Film Review: Emma (1996)

“Badly done, Emma. Badly done”

Written and directed by Douglas McGrath, this 1996 film adaptation of Emma may have had a starrier cast than the television version from the same year but it sadly pales by comparison. Gwyneth Paltrow gives a brittle, aloof performance as Emma Woodhouse, an almost princessy take on the character which may work for the unthinkingness of her actions but something that also detaches her emotionally from her friends and colleagues, robbing the film of the charming resonance it ought to possess as the romantic trials of Highbury unfold around her matchmaking.

This starchiness is something that affects the whole film – Greta Scacchi’s former governess is too mannered for a good friend, Alan Cumming’s Mr Bates just feels wrongly pitched and whilst I normally love any opportunity to see Juliet Stevenson, her arrival as his wife is unbelievable and underplayed, and the delightful Toni Collette struggles with the meek Harriet, her natural ebullience hemmed in awkwardly. Even the normally reliable Jeremy Northam misses the mark as Knightley. (I won’t mention Ewan McGregor’s Frank Churchill to help to erase it from my memory).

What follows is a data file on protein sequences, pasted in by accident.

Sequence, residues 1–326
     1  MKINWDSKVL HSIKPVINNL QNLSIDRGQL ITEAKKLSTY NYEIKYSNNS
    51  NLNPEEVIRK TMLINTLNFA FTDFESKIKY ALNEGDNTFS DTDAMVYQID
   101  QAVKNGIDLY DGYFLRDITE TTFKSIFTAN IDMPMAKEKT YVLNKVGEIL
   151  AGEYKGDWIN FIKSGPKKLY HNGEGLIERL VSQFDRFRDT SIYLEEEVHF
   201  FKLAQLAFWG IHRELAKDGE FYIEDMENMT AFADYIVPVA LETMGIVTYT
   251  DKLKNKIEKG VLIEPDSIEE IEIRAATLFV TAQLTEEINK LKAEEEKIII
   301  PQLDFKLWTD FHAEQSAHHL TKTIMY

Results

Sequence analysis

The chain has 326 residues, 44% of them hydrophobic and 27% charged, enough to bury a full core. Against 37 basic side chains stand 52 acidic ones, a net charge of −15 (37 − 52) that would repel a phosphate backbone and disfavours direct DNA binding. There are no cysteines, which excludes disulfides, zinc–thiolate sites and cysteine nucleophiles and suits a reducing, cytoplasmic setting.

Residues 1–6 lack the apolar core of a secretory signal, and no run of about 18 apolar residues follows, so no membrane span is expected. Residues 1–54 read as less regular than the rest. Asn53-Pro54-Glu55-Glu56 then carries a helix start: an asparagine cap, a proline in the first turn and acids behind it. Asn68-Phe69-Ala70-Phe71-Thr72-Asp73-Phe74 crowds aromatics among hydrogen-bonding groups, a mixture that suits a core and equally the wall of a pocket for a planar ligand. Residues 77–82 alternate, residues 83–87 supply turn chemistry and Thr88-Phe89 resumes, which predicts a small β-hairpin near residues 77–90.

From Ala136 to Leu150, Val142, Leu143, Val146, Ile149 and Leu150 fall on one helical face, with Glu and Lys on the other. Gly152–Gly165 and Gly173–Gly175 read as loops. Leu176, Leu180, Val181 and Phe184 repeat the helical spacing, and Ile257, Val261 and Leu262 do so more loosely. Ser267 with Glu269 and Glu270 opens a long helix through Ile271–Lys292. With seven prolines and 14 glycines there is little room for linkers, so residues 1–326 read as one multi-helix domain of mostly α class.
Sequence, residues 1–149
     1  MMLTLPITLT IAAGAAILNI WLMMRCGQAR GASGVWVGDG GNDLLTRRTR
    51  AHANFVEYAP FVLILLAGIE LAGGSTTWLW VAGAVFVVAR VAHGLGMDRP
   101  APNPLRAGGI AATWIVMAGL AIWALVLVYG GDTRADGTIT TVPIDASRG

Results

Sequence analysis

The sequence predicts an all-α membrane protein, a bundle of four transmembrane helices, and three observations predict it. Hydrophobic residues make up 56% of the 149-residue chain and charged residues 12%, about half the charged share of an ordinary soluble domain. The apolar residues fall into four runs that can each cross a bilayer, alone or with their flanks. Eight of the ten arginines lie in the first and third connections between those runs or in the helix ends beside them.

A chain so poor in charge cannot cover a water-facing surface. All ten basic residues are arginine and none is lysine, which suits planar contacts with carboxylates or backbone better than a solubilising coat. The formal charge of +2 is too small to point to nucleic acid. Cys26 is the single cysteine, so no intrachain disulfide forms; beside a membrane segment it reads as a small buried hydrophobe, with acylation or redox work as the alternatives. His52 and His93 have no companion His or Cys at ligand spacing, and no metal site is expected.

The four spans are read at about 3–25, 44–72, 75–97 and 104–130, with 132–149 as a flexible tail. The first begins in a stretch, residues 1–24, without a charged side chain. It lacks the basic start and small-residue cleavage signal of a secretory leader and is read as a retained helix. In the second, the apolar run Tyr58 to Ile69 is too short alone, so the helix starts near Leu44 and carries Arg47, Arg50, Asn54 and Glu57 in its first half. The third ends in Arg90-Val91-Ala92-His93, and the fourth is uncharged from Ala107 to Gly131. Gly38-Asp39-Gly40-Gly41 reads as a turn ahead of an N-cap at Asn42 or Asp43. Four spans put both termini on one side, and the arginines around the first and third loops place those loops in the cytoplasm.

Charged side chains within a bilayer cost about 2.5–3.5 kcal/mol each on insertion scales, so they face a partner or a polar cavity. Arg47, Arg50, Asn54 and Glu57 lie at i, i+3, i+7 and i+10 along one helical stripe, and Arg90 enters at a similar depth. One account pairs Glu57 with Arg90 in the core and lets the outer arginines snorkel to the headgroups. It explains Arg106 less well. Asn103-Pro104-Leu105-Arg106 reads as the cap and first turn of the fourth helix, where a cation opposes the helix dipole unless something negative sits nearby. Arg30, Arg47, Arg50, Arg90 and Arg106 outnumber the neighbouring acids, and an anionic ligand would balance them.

The use of voiceovers and fourth-wall-breaking speak of directorial fussiness, perhaps coming from the pointless butchering of the source material into something essentially flawed. Sophie Thompson probably emerges the best as a fussing Miss Bates, humiliated by Emma’s thoughtlessness though given all above, their reconciliation doesn’t convince. Trite and slight, fatefully miscast and dramatically underpowered, I’d give it miss to be honest.

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